See Danilo Zolo, Cosmopolis. La Prospettiva del Governo Mondiale (Milan: To resist globalization does not necessarily imply a reassertion of the territorial- ity typical of the nation-state. A large number of particularistic social dynamics areopposed to territoriality. One need only consider the example of Islamic fundamentalism,which challenges all grounding in particular nations. Similarly, identitarian, religious, eth-nic, linguistic or cultural solidarities are transnational. From this viewpoint, threatened atthe same time by globalization and the new forms of particularism, the nation-stateappears more or less as an obsolete identitarian horizon. See Bertrand Badie, “Entre Mon-dalisation et Particularismes,” in Sciences Humaines (May 1996), pp. 22-25.
borders with foreign multinational corporations), European integrationwould allow the response to a sufficiently broad range of market needs,while constituting a pole of sufficient size to confront world financialfluxes. The European economic space is potentially the largest world mar-ket in terms of population and global buying power. A European politicalauthority, controlling and coordinating monetary and budgetary policies,would make it easier to abandon the politics of external as opposed to inter-nal growth, without abandoning social protection. Similarly, a single cur-rency used advisedly could reduce the prerogative of the dollar andsimilarly become an element of power and of a regrounding of sovereignty.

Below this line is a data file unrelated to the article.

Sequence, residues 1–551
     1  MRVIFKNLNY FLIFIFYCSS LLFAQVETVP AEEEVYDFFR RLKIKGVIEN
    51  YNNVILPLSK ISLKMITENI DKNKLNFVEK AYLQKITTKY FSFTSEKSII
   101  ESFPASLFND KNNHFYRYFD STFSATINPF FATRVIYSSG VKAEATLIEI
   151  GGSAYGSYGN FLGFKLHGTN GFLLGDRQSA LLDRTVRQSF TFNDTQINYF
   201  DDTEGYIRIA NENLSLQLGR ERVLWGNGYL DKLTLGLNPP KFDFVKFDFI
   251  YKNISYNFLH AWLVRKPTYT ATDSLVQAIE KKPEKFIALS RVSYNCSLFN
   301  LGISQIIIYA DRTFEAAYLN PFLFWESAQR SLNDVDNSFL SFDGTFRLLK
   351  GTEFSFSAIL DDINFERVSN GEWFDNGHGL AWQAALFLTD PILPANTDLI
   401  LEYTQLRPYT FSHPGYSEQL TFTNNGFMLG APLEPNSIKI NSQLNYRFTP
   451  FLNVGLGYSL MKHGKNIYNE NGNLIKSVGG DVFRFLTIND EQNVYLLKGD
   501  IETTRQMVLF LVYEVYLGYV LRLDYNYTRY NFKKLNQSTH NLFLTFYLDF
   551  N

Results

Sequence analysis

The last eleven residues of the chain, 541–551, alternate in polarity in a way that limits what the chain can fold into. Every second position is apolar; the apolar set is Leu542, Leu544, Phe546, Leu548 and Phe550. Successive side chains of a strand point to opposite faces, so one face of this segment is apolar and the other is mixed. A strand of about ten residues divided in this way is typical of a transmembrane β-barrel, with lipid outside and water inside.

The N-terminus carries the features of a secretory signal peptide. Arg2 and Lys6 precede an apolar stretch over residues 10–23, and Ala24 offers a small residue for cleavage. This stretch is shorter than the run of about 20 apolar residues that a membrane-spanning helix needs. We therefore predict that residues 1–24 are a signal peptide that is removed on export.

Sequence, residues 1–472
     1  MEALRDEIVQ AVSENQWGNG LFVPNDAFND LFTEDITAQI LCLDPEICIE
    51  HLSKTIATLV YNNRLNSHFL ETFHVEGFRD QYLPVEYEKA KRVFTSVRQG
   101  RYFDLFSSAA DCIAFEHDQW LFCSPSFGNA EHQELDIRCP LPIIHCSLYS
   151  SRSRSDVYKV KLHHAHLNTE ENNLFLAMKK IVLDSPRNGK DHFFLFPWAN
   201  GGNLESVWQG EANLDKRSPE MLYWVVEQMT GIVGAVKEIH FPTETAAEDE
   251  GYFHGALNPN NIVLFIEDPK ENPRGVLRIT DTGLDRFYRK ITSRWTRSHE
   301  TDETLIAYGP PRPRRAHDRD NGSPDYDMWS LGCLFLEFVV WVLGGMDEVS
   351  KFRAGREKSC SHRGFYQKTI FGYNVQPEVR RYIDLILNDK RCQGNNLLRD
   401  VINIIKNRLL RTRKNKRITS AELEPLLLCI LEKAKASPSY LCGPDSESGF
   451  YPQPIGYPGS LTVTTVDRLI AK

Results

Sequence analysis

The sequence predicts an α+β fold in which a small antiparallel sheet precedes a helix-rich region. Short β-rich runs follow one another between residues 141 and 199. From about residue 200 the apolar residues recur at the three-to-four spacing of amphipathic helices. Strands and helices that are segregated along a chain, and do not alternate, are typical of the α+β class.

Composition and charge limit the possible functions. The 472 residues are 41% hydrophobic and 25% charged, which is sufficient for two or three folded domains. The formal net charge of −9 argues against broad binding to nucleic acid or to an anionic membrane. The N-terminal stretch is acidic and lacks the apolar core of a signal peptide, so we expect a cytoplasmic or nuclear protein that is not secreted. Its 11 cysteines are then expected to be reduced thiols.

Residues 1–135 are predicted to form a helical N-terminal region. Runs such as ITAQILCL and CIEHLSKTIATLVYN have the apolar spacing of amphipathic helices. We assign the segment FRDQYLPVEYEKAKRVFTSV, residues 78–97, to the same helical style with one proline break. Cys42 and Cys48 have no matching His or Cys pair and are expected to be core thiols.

But is it still necessary to strive for a truly sovereign Europe, where each stage of integration of national markets would be accompanied by agreater ability to make decisions and not simply constitute a market spaceof free exchange? Today this is hardly the case. European institutions canjust as easily resist globalization as further it. For the moment, the acts ofthe European Community, which the member states impose upon them-selves, are not predicated on true European sovereignty.38 Finally, dailylife remains local, which is the only place where politicians can still seethe effects of their policies. Faced with the globalization of exchange andthe universalization of signs — this tidal wave which erases all differ-ences and values — what remains is the singularity of forms: languages,cultures and other social links patiently recreated from day to day. Engel-hard writes of “the rehabilitation of politics passes, from one moment tothe next, by a reconstruction of the social and of the cultural, and viceversa. But this is possible only as long as culture is not seen as static butas a creative tension, both a carrier of meaning and a process for deepen-ing the art of living together.”39 Jean Baudrillard recently remarked that“all cultures worthy of this name lose themselves in the universal. All cul-tures which universalize themselves lose their singularity and die. It wasso for those we have destroyed by assimilating by force, but it is the samefor ours in its pretense to universality.” He added: “all that matters todaydoes so against the universal — against this abstract universality.”40 See Arlette-Doat, “Les Institutions Européennes: Pôle de Résistance ou Facteur d’Accélération?” in Après-domain (April-May, 1996), pp. 44-45.
Engelhard, Principes d’une Critique, op. cit., p. 365.
“Le Mondial et l’Universel,” in Libération (March 18, 1996), p. 7.